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Foreign interest in UK jobs more than doubles following government’s new immigration policy



Foreign interest in UK jobs more than doubled after the government launched its post-Brexit immigration system in January 2021, according to new research from global matching and hiring platform Indeed. 

In the UK, the share of job searches conducted by foreigners rose by 146% from a pandemic low point of 2.2% in April 2021, to 5.5% in June 2023. Foreign searches also remain well above the 2017-2019 average of 3.5%. 

Meanwhile, the EU is lagging behind. In April 2021, just 1.5% of all clicks on EU jobs came from searchers outside the EU. That share has almost doubled since, rising to 2.8% as of June – an 82% jump that nevertheless pales in comparison to recent gains in non-EU nations including the UK, United States, Canada and Australia. Almost a year after the launch of the EU Talent Pool initiative meant to attract skilled workers to the EU, Europe is struggling to establish itself as a top destination for jobseekers looking at opportunities abroad. 

The UK also appears to be more of a longer-term magnet for foreign job seekers compared to the EU, with the proportion of searches from abroad consistently higher since at least 2017. 

However, larger, English-speaking countries such as the UK are not the global leaders when it comes to attracting foreign workers. Among the countries analysed by Indeed, it was smaller nations that tended to attract the highest portion of foreign jobseekers, including Luxembourg, Oman and Switzerland (all with foreign search shares between 40% and 75% as of June).

UK personal care & home health and software development roles most in demand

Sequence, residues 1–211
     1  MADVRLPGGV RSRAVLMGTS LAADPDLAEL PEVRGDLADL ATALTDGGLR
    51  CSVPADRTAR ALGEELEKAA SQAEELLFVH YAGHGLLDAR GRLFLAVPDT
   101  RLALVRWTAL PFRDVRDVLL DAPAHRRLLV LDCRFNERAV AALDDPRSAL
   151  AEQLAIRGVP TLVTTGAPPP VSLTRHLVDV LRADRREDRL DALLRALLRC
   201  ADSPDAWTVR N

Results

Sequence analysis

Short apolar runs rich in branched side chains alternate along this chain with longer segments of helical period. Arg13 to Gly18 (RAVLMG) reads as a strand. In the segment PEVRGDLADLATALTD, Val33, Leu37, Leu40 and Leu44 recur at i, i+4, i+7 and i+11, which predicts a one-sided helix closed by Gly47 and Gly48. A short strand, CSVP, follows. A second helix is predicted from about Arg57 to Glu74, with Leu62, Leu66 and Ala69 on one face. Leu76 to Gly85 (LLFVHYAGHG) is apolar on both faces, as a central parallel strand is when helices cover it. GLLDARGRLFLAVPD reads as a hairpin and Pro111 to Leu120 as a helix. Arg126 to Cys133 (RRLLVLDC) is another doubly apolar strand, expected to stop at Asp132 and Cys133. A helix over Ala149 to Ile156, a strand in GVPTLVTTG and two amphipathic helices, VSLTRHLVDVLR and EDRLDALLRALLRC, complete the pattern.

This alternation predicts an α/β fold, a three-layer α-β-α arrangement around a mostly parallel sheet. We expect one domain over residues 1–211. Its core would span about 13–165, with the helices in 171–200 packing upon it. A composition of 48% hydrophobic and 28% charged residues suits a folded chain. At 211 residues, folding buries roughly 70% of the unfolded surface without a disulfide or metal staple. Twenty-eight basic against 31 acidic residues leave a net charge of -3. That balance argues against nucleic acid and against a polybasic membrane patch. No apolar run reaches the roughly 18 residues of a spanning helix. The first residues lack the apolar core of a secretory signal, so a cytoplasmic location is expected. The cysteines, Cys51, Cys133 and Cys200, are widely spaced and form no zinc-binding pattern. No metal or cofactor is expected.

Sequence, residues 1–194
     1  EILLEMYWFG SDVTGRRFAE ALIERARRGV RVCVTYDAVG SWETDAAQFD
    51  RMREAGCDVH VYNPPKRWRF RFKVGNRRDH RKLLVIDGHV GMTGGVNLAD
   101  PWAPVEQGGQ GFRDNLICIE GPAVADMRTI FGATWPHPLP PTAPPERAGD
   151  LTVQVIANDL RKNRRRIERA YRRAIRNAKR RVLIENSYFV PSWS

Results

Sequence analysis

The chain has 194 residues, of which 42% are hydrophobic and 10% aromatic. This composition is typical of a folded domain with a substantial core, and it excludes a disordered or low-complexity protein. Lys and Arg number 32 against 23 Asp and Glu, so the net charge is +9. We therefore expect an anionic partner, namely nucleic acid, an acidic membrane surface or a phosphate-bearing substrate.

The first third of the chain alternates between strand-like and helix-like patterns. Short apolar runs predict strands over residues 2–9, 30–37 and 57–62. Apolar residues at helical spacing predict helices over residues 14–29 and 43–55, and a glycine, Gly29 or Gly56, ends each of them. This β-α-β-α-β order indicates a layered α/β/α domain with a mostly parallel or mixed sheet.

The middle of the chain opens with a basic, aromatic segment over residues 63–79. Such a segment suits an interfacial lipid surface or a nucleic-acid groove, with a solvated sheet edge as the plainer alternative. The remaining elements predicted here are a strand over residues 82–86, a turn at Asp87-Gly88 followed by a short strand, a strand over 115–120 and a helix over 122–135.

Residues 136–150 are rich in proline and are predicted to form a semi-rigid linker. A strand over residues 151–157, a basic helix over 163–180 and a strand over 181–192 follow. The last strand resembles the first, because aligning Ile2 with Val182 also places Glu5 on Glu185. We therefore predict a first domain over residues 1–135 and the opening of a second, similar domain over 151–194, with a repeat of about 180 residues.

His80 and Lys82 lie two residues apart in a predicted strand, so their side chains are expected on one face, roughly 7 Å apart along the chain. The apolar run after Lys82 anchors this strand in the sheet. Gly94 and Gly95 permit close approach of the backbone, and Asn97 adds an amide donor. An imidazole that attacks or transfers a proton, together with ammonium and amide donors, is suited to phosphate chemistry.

Personal care and home health was the largest sector of interest for foreign job seekers looking at jobs in the UK, attracting 9.3% of foreign clicks in the first half of this year, up by 7.3 percentage points from 2019. Nigerians, Indians and South Africans are the most frequent foreign clickers on these positions. 

Globally, where workers have sought foreign opportunities appears to be heavily influenced by existing historic or cultural relationships between given nations. This stands true for the UK, with the Commonwealth countries of India, Pakistan and Nigeria making up a significant proportion of total foreign clicks on jobs.

Pawel Adrjan, Director of EMEA research at Indeed, said: 

“Immigration to developed countries has rebounded significantly in recent years, fueled in large part by tight labour markets and long-term demographic trends including ageing populations and shrinking local workforces. In fact, ONS data shows that net migration to the UK was 606,000 in 2022, the highest number on record. In contrast, Indeed’s data shows that the EU is struggling to establish itself as a top destination for foreign job seekers, despite the rebound from pandemic lows.”

“The research also underscores that the UK government’s new immigration policy is operating as intended, with requirements for non-EU workers generally easing after Brexit. There is a shift towards non-European interest in higher-skilled jobs such as software development in the UK and away from lower-skilled roles European workers had previously taken. We’ve also seen a sharp and unabated rise in foreign interest in care jobs since 2021, following the addition of these roles to the shortage occupation list in 2022.”

Ukrainian jobseekers favour English-speaking countries, including the UK 

Following the Russian invasion in February 2022, UK jobs received the third highest number of clicks by Ukrainians (15%), behind the United States (34%) and Canada (25%). In fact, almost three-quarters of jobseekers in Ukraine looking for opportunities abroad clicked on roles outside the European Union, a sign of the relative unattractiveness of EU job markets to these jobseekers. 

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